In this blog post I want to share with you some of the things I’ve learnt from being an examiner and hopefully this will give you some tips as you prepare for your qualification.
1. Examiners want you to do well
This is probably the most important thing to remember as you prepare for your exam. As an examiner, it’s a lot more enjoyable to mark exams where candidates are successful. It’s great to be able to give praise and reward candidates with excellent results. Examiners really are on your side and want you to do your best!
2. Examiners have to mark fairly
Every exam board has clear marking criteria which examiners have to follow. Exams are moderated and examiners receive regular training to ensure they are being consistent in their marking and comments.
3. When we do give criticism, we try to be constructive
One of the jobs of the examiner is to point out any areas where the candidate could have done better. However, we do try our best to word our comments so that they are constructive and leave the candidate feeling positive. Our aim is to encourage you as you continue in your piano playing journey.
4. Always read the syllabus carefully
It’s important to take time to familiarise yourself thoroughly with the requirements for the exam. Have you checked your programme is the correct length if you are doing a performance grade? Have you prepared every part of the exam? If you are doing a remote or video exam, have you checked all the recording equipment is working correctly?
5. Do spend time looking at the marking criteria
All exam boards publish their marking criteria on their website and it’s worth reading through this to ensure you know how you will be assessed. It also helps you understand that simply making a small slip in one of your pieces is unlikely to affect the mark significantly. However, ensuring you play with expression and communicate the character of each piece of music can really help you to succeed!
6. Exams should be enjoyable!
Yes, we know that exams can be nerve-racking. However, hopefully at the same time they can be rewarding and give you encouragement as you progress in your musical journey. Pick pieces you will enjoy studying and hopefully you will find the process of learning them to performance standard fulfilling.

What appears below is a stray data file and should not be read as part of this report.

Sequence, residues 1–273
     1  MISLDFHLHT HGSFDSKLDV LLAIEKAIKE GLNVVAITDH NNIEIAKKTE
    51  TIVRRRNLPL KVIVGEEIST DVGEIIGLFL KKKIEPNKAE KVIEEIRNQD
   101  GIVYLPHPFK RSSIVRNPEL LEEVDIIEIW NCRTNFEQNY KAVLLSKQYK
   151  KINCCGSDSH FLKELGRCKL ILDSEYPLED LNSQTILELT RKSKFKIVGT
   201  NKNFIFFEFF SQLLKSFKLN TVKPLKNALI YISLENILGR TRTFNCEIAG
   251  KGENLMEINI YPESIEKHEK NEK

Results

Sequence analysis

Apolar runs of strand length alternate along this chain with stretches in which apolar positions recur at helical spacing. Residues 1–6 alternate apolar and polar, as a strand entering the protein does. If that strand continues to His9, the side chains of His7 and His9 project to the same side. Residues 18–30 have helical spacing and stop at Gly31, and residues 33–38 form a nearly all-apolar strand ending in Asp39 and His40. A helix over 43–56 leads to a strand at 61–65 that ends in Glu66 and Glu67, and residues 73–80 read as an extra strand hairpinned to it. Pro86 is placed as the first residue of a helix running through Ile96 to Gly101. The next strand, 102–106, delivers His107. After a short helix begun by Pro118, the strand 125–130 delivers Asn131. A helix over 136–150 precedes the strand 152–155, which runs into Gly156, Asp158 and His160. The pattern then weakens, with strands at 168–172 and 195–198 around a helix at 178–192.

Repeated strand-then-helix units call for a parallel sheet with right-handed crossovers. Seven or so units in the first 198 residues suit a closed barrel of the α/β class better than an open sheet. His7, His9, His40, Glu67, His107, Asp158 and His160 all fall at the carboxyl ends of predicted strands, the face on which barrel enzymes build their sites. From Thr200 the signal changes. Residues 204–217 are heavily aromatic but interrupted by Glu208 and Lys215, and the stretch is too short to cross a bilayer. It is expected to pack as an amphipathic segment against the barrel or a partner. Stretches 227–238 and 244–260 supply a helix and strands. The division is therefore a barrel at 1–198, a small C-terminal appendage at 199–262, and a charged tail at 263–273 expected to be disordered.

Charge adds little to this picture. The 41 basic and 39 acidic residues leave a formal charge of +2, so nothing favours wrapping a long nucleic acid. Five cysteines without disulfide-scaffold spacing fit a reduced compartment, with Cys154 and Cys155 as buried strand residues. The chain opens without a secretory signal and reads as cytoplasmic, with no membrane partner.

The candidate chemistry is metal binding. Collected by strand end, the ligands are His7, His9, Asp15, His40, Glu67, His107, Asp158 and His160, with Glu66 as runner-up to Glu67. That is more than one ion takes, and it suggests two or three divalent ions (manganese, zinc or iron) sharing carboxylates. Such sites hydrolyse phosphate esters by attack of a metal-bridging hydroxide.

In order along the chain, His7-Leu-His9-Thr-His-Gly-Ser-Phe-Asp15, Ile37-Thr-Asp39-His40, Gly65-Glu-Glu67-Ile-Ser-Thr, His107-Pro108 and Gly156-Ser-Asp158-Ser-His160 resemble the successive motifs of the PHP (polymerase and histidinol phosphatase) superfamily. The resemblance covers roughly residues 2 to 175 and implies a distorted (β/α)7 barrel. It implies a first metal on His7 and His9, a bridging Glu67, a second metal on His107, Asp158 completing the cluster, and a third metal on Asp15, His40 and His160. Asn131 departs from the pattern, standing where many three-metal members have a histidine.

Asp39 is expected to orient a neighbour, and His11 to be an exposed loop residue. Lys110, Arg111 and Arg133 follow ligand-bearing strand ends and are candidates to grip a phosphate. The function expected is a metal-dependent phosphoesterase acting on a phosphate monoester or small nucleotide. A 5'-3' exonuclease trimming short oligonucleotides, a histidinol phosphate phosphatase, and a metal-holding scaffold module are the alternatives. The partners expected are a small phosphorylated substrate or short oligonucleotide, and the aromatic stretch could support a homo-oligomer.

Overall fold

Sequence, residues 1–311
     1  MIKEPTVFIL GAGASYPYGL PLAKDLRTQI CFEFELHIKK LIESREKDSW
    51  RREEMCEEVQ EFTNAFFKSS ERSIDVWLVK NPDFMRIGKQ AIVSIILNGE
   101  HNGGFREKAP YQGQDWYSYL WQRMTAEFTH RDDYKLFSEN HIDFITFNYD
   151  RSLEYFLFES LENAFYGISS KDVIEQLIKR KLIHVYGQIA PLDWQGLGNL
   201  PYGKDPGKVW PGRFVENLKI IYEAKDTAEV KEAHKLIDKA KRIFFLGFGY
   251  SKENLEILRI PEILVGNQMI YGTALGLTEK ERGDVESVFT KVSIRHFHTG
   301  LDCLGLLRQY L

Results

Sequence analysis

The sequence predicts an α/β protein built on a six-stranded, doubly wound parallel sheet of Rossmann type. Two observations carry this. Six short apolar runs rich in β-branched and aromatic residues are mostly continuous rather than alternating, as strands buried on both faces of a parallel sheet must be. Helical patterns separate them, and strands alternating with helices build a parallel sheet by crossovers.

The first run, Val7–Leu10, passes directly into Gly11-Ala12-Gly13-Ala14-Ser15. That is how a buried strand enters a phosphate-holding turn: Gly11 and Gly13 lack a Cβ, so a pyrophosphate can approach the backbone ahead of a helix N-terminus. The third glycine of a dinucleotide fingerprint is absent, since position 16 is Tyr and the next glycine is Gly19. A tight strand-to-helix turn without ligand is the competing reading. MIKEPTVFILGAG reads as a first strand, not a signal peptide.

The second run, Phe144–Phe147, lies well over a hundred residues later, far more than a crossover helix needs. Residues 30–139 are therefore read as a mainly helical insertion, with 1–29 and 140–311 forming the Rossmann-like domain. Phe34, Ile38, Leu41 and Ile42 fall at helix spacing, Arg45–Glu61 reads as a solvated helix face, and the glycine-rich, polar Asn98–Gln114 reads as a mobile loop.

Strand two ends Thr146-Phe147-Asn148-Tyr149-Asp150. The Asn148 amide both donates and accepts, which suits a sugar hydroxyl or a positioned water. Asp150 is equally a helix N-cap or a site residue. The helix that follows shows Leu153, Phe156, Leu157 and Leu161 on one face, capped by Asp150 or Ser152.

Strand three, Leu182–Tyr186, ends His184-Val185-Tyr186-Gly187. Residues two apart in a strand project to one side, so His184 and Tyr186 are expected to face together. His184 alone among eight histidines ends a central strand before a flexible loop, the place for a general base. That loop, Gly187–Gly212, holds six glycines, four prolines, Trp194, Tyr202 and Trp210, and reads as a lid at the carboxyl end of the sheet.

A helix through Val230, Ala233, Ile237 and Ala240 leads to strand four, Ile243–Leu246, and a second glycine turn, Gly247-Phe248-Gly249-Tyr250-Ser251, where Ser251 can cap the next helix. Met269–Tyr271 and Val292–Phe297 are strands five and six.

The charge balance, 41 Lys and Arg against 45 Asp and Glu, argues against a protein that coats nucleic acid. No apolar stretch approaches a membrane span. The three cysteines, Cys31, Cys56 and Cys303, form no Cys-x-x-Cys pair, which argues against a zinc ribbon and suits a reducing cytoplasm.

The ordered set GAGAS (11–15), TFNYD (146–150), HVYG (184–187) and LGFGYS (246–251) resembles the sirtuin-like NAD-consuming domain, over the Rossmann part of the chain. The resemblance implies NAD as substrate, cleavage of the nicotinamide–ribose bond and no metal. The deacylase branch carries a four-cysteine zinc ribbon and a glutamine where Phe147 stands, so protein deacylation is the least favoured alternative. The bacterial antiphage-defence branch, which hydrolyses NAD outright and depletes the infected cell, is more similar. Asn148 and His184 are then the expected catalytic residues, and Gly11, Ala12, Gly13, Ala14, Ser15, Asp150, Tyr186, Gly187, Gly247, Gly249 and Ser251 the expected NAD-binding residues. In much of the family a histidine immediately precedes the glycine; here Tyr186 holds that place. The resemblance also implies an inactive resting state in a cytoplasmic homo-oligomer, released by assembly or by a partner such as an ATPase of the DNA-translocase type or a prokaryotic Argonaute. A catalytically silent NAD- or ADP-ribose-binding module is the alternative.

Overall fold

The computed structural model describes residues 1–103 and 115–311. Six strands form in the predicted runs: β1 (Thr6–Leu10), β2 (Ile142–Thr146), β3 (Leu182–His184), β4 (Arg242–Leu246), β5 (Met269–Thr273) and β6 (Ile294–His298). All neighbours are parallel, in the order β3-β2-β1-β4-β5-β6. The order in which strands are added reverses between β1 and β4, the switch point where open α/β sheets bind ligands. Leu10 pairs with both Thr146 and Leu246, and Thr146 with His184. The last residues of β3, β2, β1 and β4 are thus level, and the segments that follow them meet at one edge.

7. Don’t be too disheartened if you don’t get the result you were hoping for
While we all hope and aim for success, there may be times when we don’t achieve the result we had hoped for. Obviously this can be disappointing, but try not to get too disheartened. There are many reasons why people don’t always do as well in exams as they had hoped. It could be due to performance anxiety on the day. It might be that the exam they’ve entered for is really slightly too high a level for that point in their musical journey. It may be that a little more preparation time was needed. If you don’t get the result you are hoping for, spend some time reviewing why this might have been the case, and then try to plan how you can move forward in your piano playing so as to achieve what you would wish.
8. Exams aren’t for everyone
Exams can be very rewarding and a great way of measuring progress. However, they are not compulsory. There are people who find the whole experience of taking an exam incredibly stressful and it’s important working towards qualifications doesn’t take anything away from the enjoyment of learning an instrument. It can be useful to have goals in our musical journey, but this doesn’t have to be taking an exam. It could be working towards a performance, or recording a piece we are working on and sending to friends or relatives.
9. Exam Boards do offer flexibility and try to be helpful
It used to be the case that the only way of taking an exam was face-to-face at an exam venue with an examiner in the room. Many people find this quite intimidating and the good news is that there is now a lot more flexibility. For example, MTB Exams are all recorded, so you can take them in the comfort of your own home or in your music teachers’ studio. You can also take the exams at any time you wish and even choose your own pieces in addition to those on the syllabus.